We studied demographic characteristics of two Mura Indian villages. Two-hundred six inhabitants of these villages and another population were tested in relation to 30 blood and 4 saliva genetic systems. These groups exhibit high mobility and exogamy rates and high fertility but relatively low mortality and variance in number of children per woman. Hb J Oxford and albumin Maku were observed, and they show high prevalences of GPT*1 and RH*R1 but low of HP*1 compared to other South American Indians. Four electrophoretic saliva systems are reported here for the first time in a predominantly Amerindian group. The amount of polymorphism was more limited than that found in Caucasian, black, and Oriental populations. The Mura are still predominantly Indian (82%) but have African (11%) and Caucasoid (7%) admixture. Using these values, the putative ancestral Mura gene frequencies were assessed. Problems related to quantitative estimations of admixture and the factors that influence the process are discussed.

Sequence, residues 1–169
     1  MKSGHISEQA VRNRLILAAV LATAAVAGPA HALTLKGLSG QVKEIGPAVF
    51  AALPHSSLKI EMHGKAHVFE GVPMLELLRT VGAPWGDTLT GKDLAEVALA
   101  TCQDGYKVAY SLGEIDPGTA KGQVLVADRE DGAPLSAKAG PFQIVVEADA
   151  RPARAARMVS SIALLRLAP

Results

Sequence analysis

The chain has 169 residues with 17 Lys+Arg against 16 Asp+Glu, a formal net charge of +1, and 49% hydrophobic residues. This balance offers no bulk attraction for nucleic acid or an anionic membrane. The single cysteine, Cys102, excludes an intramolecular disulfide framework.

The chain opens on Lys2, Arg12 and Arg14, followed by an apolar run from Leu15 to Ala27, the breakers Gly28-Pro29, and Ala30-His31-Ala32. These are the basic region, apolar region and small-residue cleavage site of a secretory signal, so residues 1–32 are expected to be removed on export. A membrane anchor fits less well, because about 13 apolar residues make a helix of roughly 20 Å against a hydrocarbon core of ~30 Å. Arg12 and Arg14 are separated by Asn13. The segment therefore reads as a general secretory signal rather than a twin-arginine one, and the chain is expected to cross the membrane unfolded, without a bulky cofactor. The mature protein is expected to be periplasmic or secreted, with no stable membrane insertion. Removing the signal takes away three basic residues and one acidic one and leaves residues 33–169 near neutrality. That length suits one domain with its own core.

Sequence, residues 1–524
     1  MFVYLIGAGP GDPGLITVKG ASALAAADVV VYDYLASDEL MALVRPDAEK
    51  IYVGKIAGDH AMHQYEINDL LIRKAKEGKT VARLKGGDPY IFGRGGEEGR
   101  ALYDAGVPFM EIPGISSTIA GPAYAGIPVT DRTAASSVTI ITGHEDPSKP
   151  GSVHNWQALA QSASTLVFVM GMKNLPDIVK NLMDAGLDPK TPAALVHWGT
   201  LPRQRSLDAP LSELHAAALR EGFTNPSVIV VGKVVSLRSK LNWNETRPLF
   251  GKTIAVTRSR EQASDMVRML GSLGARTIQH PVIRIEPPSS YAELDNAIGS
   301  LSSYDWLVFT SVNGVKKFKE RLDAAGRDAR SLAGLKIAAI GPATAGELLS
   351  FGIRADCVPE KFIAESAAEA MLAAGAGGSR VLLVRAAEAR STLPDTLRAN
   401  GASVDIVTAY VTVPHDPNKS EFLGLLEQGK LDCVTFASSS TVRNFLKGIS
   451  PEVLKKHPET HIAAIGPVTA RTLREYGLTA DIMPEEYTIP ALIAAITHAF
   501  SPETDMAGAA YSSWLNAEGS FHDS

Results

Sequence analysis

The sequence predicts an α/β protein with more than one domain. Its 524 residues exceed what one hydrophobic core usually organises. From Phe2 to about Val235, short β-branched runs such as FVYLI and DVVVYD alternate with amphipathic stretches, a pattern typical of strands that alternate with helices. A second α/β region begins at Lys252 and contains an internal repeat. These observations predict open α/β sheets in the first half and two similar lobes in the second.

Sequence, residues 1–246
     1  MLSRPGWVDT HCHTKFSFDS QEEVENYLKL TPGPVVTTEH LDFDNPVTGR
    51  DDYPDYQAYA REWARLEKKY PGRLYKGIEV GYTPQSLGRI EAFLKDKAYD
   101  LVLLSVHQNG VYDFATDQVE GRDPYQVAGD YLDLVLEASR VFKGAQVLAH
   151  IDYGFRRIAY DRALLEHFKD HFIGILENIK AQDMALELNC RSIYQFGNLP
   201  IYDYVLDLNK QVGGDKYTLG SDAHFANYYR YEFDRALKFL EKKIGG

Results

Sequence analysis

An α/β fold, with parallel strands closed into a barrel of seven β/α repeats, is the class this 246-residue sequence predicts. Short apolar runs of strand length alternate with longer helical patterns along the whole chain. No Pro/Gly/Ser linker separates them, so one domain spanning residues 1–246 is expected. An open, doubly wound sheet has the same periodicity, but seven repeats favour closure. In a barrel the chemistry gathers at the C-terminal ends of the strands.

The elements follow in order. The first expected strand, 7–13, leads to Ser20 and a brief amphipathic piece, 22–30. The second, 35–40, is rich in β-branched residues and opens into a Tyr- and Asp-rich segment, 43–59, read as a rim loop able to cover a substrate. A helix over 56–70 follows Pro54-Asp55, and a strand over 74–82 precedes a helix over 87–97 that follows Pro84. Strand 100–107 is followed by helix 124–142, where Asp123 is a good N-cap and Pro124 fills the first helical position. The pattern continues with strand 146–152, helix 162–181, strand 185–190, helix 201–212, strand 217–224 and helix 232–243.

Salzano, F.M.; Callegari-Jacques, S.M.; Mestriner, M.A.; Weimer, T.A.; Franco, M.H.L.P.; Schüller, L.; Harada, M.L.; Schneider, H.; Hutz, M.H.; and Freitas, M.J.M.
"Reconstructing History: The Amazonian Mura Indians,"
5, Article 2.
Available at: http://digitalcommons.wayne.edu/humbiol/vol62/iss5/2